Not all new features are created equal, and this particular change has us kind of scratching our heads wondering why Google would consider it a good idea. In Lollipop, you can now access your quick settings straight from the lockscreen. This way you can toggle Wi-Fi, cellular data, and Bluetooth without unlocking the device, even if it's secured behind a passphrase.
Two-factor authentication adds an extra layer of defense to your online accounts. Typically there are two ways to go about it: having a text sent to your phone containing a numerical key, or typing in one that appears inside of a dedicated app. Google Authenticator serves this function just fine, but you have to settle for something that hasn't been spruced up since the Ice Cream Sandwich days. Authy is an alternative offering that looks a bit easier on the eyes.
The Lollipop Smart Lock functionality is pretty cool. You can have the phone stay unlocked when it's connected to a trusted Bluetooth device, in range of a certain NFC tag, or when it sees a trusted face (presumably yours). Trusted Face mode in particular is quite cool, but it's not necessarily as secure as a PIN or pattern lock. You can, however, temporarily switch to the secure lock screen with a single tap.
If you're excited to try out YouTube's new music subscription service, you may not have long to wait. We've gotten several tips this morning from users who now have access to YouTube Music Key on the web, though that access doesn't seem to extend to the Android app just yet. Most users seem to be left out at the moment, so it's probably another one of Google's frustrating staged rollouts.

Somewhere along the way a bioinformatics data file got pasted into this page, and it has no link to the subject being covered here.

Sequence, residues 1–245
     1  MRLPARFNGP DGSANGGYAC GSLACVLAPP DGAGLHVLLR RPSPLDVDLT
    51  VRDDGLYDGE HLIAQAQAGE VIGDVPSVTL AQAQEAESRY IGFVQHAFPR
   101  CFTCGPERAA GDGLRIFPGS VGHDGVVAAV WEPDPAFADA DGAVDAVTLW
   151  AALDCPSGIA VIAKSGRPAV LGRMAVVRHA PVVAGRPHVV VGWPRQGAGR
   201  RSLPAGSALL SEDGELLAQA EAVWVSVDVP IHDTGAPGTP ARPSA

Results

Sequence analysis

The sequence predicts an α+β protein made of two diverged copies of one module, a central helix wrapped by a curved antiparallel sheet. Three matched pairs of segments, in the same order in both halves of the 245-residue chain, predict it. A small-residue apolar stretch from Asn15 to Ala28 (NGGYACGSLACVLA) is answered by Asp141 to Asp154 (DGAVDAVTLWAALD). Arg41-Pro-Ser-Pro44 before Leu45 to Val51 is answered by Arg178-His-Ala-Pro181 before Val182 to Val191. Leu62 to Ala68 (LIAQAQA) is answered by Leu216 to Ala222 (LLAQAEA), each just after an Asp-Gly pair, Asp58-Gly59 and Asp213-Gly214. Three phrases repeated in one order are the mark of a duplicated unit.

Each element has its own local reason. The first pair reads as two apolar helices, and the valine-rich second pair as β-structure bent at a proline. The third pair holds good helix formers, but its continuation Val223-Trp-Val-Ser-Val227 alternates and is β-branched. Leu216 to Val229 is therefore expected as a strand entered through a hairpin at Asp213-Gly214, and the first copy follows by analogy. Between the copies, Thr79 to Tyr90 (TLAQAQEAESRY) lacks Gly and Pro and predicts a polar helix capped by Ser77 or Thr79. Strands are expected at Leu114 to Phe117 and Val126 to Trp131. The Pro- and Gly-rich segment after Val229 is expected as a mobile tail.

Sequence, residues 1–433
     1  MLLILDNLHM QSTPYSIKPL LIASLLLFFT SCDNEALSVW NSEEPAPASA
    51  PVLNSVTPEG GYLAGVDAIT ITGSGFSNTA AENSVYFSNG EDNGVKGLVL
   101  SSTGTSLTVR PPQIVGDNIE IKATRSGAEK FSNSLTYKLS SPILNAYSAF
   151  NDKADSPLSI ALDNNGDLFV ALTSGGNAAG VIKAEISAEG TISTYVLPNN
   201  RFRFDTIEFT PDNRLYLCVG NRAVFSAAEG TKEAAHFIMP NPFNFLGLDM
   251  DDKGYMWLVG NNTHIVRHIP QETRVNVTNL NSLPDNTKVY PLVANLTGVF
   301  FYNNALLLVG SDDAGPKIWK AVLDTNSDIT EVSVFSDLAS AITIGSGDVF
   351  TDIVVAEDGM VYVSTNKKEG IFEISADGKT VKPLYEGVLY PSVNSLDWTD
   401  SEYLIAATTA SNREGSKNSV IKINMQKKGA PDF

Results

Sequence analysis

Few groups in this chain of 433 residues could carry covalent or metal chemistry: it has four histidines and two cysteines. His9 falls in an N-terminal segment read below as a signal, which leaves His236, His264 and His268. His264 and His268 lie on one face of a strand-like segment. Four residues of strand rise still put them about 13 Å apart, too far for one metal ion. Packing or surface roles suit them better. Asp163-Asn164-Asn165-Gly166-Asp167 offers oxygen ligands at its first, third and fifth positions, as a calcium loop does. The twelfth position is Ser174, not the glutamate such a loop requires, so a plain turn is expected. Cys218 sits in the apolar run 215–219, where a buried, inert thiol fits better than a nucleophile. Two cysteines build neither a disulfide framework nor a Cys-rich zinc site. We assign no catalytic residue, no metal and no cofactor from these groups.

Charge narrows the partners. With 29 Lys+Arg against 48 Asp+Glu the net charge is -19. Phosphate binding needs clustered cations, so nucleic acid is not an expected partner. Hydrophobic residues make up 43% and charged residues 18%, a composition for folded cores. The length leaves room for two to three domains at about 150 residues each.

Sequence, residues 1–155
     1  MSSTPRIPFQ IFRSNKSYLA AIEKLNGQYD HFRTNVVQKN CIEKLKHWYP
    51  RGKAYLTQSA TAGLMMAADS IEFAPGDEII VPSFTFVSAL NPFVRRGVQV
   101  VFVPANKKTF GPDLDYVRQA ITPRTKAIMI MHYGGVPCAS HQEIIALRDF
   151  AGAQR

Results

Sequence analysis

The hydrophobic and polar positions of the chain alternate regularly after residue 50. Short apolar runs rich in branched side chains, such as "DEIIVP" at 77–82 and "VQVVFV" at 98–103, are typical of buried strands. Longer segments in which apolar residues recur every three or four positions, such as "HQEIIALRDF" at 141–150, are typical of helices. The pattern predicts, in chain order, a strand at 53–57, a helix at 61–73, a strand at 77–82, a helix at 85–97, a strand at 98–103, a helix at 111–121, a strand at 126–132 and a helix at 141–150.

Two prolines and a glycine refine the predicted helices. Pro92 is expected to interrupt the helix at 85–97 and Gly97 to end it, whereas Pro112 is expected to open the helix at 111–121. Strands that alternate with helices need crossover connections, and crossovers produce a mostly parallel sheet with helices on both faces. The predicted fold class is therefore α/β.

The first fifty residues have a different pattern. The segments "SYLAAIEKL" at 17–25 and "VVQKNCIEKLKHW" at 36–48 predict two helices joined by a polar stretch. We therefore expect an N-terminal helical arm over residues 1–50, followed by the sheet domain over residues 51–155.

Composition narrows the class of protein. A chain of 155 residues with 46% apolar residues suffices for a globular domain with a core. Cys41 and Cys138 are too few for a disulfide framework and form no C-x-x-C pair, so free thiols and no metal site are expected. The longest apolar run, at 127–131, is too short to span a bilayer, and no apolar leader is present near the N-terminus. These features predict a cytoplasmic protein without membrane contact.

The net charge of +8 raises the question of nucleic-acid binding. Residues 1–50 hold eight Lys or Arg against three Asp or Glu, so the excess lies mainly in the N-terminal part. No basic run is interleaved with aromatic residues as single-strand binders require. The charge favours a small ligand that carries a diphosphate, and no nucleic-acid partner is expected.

Having the latest version of the YouTube app (5.17) installed on your phone doesn't seem to help, though at least one reader with Music Key enabled said that there were now no ads being shown during music videos.
As today's Deal of the Day, Amazon is offering the 16GB version of last year's Kindle Fire HDX 8.9 for only $259. The 32GB model goes for a slightly more expensive $274, and the 64GB model comes in at $289.
With the first two models, we're talking about a savings of $140. The 64GB sees a discount of $160. Either way, this amounts to a pretty big chunk of change, and it just goes to show that it can pay to wait until hardware is no longer brand spanking new before making a purchase.
In a somewhat surprising, but completely understandable, move, Google has added a pretty large caveat to Play Store app submissions for Android TV. According to the Android developer documentation page on submitting apps, the company will pre-screen and approve all Android TV apps before making them available for download via the platform's marketplace.
This Nexus launch is without precedent—the Nexus 6 is big, expensive, and compatible with all the major US carriers. It seems like Google is trying to make nice with the carriers too. Case in point, AT&T is selling a Nexus directly at launch for the first time. However, an image of the Nexus 6 posted on AT&T's site shows the Nexus 6 with an AT&T globe logo on the back. Yikes.
Into every life a little rain must fall. Across every software update a few bugs will crawl. The most glaring problem for new users of Android 5.0 on the Nexus 7 2013 is a bug that appears to be stopping video playback dead. You can see a few users reporting the issue here, and we've seen it on at least one Android Police staff member's tablet. The good news is that there appear to be a few ways that you can fix it.